Lost

Dear internet,

We were taking a walk in our neighborhood a few days ago, down a lonesome green street of the upper northwest, when a car full of men slowed down to a stop in front of us. The man behind the wheel looked at us. Babbo looked at him. Then the man started the car again and left.

“In case you were wondering,” Babbo said. “That’s what looters look like.”

“Should we keep walking?” I asked, feeling spooked.

“Yes,” he said. “Let’s keep moving.”

We turned down another street, this one with dog walkers and stroller pushers and joggers. Then a cop car came roaring down the street, in pursuit of something, or someone.

Later I asked Babbo what he was thinking when he looked at the man in the car, the driver with the men in the passenger seats with their hands on the door handles.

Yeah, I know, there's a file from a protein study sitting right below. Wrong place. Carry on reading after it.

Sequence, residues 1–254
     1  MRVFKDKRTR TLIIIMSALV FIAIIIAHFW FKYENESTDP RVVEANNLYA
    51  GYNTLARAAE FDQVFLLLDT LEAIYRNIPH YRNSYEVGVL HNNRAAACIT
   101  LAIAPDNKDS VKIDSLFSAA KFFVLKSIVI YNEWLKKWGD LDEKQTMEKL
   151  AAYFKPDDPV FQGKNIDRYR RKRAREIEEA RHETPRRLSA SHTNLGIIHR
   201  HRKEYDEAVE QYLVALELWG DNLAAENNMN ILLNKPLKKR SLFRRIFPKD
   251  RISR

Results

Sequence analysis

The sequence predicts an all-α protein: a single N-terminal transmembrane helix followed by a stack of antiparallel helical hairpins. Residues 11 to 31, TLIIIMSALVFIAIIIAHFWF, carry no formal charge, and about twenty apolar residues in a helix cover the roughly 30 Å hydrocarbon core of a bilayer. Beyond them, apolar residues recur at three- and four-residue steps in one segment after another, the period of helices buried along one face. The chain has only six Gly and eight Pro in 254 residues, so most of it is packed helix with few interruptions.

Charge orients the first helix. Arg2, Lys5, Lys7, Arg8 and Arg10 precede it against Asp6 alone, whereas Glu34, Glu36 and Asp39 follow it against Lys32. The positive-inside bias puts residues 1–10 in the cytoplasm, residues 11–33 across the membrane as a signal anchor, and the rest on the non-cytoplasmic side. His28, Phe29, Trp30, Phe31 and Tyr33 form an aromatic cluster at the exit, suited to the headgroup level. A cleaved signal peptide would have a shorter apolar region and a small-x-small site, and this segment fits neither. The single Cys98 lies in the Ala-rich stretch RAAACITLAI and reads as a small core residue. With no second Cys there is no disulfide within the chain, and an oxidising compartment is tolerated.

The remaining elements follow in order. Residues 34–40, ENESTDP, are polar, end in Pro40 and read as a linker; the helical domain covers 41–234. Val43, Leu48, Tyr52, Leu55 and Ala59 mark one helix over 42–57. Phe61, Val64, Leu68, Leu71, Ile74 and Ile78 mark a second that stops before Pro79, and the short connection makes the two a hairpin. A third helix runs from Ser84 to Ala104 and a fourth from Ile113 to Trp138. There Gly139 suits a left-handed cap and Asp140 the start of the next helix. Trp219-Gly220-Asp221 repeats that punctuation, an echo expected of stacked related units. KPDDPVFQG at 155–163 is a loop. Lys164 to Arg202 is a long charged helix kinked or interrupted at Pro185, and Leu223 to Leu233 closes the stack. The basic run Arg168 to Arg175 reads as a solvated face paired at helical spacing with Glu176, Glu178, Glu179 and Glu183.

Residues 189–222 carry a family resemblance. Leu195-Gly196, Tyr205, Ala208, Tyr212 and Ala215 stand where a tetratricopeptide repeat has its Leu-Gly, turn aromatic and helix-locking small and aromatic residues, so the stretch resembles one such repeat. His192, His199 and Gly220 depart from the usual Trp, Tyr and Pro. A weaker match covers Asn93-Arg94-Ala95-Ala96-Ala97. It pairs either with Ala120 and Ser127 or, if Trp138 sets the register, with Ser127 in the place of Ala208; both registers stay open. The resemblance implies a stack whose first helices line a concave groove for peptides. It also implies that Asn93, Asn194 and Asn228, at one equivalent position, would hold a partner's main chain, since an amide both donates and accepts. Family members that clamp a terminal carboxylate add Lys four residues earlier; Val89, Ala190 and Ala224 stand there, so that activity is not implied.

“I was thinking, ‘Get the fuck out of my way motherfucker,’” Babbo said.

“And what was the driver thinking?” I asked.

“ ‘Ok,’” Babbo said. “He thought, ‘ok.’”

I couldn’t wait for the silence before I broke in, my suburban roots showing.

“You know, this is why people don’t live in the cities in America,” I told him.”You always ask, why don’t people live in the city? This is why.”

“Doesn’t matter,” he said. “It could happen there. It could happen anywhere. It could happen at a–“. Babbo paused, summoning forth the most suburban image in his mind. “A shopping mall.”

“I guess so,” I said.

“But it might be more difficult,” he acknowledged.

“What were his eyes saying when he stopped the car and looked at us?” I asked. “Like why did he even stop?”

“He was thinking, ‘I want what you have.'”

“Really?” I asked.

“He would like to have this life, living in this neighborhood, taking this walk with his family. Angry he doesn’t. When he stopped and looked at us, he was thinking, I want to take that from you.”

“But he didn’t,” I said.

“No,” Babbo said. “He didn’t.”

yours,

Daya